Saturday evening means the cabaret of course and you need every single one of those pints to take you through the highs and lows. With John Nathan- Turner at the helm there are likely to be more lows than highs for those to whom tacky glitter is anathema. Still, there were a few moments to savour with the odd poem or reading lending some shape to the evening. Things reached a trough with Gary Downie singing but perked up when Caroline John and her mate reprised their great sketch as cleaners at the research centre. `Stars in Who’s Eyes` also proved more entertaining than you'd think, especially Steve Cole’s anarchic Frank Sinatra. Lots of videos and a disco proved more mainstream fare though and showed that cabaret is perhaps best left for our fellow fans across the pond.

Sunday saw many of the guests back for more albeit in different combinations. While this meant a lack of many new stories (and we only just escaped the eyepatch one) the atmosphere was loose and enjoyable. Katy Manning and Nick Courtney relived the Pertwee years. Katy is of course mad and adds a touch of genuine star quality to proceedings with her kooky behaviour, tales of Liza Minnelli and losing the sonic screwdriver! Mark Strickson, Sarah Sutton and David Collings seemed to remember nothing whatsoever about 'Mawdryn Undead' but plenty about other things and were later joined by Peter Davison who was in lively form (presumably because he’d arrived this morning) and appears rejuvenated by his recent career upturn. He joined John Nathan Turner and Sylvester McCoy in the afternoon. JNT went into enormous detail about his early Who work prior to becoming producer but then ran out of time! Sylvester seemed restrained, especially as they brought on that bloke from Dead Ringers who does Tom very convincingly. Then, in a revolving panel, those Blokes From the Radio 4 Pilot turned up though they were not supposed to be there apparently. They sort of confirmed alot of the rumours but seemed to be rather more thrilled by the whole project than we were. A final panel teamed the day's lively ladies as Katy, Liz and Carrie created an amusing end to the convention.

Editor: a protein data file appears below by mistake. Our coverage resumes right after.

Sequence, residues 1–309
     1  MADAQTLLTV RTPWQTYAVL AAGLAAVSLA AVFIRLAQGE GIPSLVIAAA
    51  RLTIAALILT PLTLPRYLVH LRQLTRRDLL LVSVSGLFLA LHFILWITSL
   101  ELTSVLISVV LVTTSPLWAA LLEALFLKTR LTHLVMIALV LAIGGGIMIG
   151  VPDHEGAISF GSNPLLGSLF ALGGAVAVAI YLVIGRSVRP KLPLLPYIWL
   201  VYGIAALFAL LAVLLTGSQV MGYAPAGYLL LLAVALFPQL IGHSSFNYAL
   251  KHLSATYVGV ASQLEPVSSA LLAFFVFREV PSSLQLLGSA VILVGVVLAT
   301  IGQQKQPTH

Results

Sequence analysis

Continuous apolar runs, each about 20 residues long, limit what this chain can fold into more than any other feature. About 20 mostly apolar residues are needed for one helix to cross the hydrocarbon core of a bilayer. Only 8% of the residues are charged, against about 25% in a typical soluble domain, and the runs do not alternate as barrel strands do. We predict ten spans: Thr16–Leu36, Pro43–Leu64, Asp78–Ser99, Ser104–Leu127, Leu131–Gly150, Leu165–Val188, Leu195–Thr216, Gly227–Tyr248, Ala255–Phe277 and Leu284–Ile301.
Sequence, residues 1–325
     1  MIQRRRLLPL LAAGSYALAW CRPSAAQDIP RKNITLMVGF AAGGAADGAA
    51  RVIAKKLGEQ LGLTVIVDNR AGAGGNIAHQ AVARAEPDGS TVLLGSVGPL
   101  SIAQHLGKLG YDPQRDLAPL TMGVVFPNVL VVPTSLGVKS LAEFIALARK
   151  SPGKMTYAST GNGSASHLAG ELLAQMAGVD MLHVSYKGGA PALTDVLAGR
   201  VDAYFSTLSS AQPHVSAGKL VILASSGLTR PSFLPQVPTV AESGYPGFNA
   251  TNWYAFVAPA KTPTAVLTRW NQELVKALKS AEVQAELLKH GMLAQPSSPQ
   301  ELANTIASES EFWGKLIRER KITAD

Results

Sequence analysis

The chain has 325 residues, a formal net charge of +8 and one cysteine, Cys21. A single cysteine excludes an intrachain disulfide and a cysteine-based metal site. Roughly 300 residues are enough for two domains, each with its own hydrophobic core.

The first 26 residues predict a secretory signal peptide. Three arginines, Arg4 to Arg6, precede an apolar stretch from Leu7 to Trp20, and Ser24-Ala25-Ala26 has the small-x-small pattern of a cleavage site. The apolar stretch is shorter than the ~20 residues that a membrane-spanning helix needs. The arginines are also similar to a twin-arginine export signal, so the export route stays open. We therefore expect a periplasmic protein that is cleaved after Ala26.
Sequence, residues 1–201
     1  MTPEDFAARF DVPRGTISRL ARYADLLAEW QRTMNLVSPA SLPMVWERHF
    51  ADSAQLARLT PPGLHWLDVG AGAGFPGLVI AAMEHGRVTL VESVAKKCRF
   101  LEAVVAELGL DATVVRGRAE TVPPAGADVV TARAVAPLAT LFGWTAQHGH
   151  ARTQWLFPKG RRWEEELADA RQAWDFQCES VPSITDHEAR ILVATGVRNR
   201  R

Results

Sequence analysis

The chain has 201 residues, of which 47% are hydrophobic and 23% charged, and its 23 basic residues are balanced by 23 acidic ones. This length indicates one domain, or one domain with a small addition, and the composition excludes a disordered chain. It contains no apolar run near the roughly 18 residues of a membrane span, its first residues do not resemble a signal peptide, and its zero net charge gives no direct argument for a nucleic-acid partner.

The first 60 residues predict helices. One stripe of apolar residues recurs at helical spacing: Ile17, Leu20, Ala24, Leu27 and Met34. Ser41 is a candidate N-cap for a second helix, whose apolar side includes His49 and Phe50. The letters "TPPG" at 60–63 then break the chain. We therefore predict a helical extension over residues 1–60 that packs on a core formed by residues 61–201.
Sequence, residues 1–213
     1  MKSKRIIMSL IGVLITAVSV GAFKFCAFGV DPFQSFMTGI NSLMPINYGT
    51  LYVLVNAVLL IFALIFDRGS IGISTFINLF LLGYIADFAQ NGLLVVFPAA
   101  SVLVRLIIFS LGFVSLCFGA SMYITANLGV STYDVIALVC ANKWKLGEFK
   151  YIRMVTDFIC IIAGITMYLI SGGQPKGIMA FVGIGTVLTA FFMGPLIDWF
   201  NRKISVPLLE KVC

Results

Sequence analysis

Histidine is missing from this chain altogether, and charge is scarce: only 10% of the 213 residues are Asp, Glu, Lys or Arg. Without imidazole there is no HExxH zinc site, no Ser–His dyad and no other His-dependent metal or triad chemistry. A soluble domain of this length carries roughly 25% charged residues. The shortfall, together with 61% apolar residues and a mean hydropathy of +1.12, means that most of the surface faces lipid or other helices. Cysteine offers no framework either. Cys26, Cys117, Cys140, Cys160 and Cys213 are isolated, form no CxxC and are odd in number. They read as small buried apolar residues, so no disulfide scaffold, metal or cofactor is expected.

As events go, this one had a lot of great moments and the guests were mostly in sparkling form, ready to entertain us. Lots of other happenings littered the hotel so you could get autographs, be photographed with the stars, listed to seminars or marvel at the presence of three (two more than usual) fanzine titles on sale in the huge dealers room.

No comments:

Post a Comment